341,956 blank EU travel documents in criminal hands
A classified Dutch government report has revealed that criminals stole 341,956 passports, identity cards, visa stickers and drivers' licences from European government facilities since 2000.
Brazilian football star Leonardo Santiago was caught red-handed in 2000 when his Portuguese passport proved to be a fake. The 17-year-old darling of Rotterdam’s Feyenoord team had thus been able to circumvent the strict regulations that apply to all non EU-citizens playing for European football clubs.
The story is by no means unique in European football. In recent years, law enforcement officials in France, Italy and Spain have caught dozens of 'Leonardos', playing for clubs like Inter Milan, Lazio Roma, AS Monaco and Saint-Etienne. Teams and players alike benefited from the fraudulent documents. In France and Italy, regulations only allow clubs to field a limited number of non-EU players. In the Netherlands, the same foreign nationals can only be signed if they are paid at least 503,000 euros annually
Fake passports: the source
The question remains how players get a hold of fake passports. Leonardo got his Portuguese passport from his agent in 1999. A police investigation showed the document was part of a batch of 200 blank passports stolen from the Portuguese consulate in Zurich earlier that same year.
The burglary of the Portuguese consulate is just one of many mentioned in a confidential Dutch government report published in 2000. The report, entitled Report on Security norms for Diplomatic Posts, lists numerous European embassies and consulates that were robbed around the turn of the century by Eastern and Central European “crime syndicates”, bagging large numbers of passports and visa stickers in the process.
The gangs “occasionally used extreme violence” to gain access to the “poorly secured” diplomatic posts, the report states. The gangster were privy to “know-how and techniques used by former intelligence agencies”.
According to another overview provided by the Dutch foreign ministry in Luxembourg alone, hundreds of blank passports and visa stickers were stolen from the embassies of the Netherlands, Spain, Austria and Portugal between December 1998 and the spring of 2000. The same happened in Vienna, Geneva, Lausanne, Brussels and other locations. The crime spree was kept under wraps at the time, but the thefts were recently confirmed by the foreign ministry at NRC Handelsblad’s request.
Sought after by terrorists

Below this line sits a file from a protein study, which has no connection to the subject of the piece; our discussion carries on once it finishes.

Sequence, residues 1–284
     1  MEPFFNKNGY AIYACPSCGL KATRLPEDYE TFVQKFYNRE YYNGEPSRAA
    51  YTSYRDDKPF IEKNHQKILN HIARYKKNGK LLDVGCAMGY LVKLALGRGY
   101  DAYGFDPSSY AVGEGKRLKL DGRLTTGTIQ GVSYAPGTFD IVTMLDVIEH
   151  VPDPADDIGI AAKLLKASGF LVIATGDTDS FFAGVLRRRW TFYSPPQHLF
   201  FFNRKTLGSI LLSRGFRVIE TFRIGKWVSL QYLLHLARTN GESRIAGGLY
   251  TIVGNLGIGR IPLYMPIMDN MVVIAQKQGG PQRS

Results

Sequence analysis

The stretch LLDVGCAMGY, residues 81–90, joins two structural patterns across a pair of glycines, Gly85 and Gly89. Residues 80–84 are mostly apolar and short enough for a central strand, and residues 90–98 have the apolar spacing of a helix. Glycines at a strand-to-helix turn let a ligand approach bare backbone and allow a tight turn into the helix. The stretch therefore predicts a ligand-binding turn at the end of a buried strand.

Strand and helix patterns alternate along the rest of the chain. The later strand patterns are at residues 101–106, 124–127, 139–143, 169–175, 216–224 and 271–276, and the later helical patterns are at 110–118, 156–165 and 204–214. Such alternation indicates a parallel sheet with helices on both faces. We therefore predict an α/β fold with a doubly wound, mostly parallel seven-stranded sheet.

Football players aren’t the only people interested in blank travel documents. Stolen Belgian passports were used by Abdessatar Dahmane and an accomplice in September 2001 to pose as journalists and gain access to Ahmed Shah Massoud, the leader of Afghanistan’s Northern Alliance, and kill him in a suicide bombing.
The confidential foreign ministry report states stolen passports are also used to open bank accounts, conduct (real estate) deals or travel. For human traffickers, illegal immigrants and criminals, a blank EU passport can give unfettered access not only to the issuing country, but to the Schengen Area, a group of currently 25 EU-countries that make up the European customs union treaty of the same name. While its outer borders are tightly guarded, passports are rarely checked after holders enter the Schengen area since the treaty went into effect in 1995. Visa stickers are used by human traffickers who sell them to people seeking asylum in the EU or looking to stay there illegally.
To combat the abuse of stolen documents, customs offices protecting the Schengen area’s outer borders have the so called Schengen Information System (SIS) at their disposal. The SIS lists not only all persons and vehicles wanted by law enforcement in countries party to the Schengen treaty, but also contains data on all blank travel documents that were stolen or went missing from government facilities there. According to the Dutch police, the database contains 341,956 documents in all. However the SIS is not consulted with every entry into the EU.
Money to be made
Trade in blank documents is big business. “Criminals, human traffickers and illegal asylum seekers are willing to pay increasingly high prices for travel documents and passports,” the report states. Depending on the country and the type of document sought, prices are said to vary from 500 to 11,000 euros. “The damages incurred can amount to at least a hundred times the prices paid for these documents.” A couple of years ago, Dutch customs officials estimated that in the Netherlands alone, fraud committed using forged proof of identity cost three billion euros annually.
Since the break ins a decade ago, embassies and consulates have stopped carrying large stocks of blank travel documents.
Dutch municipal offices have also stopped stocking large numbers of blank travel documents, forcing passport thieves to look for new targets. In Manchester a white van was robbed by unknown assailants in July, 2008. The unsecured vehicle was transporting to an airport 3,000 blank passports and visa stickers destined for British diplomatic posts.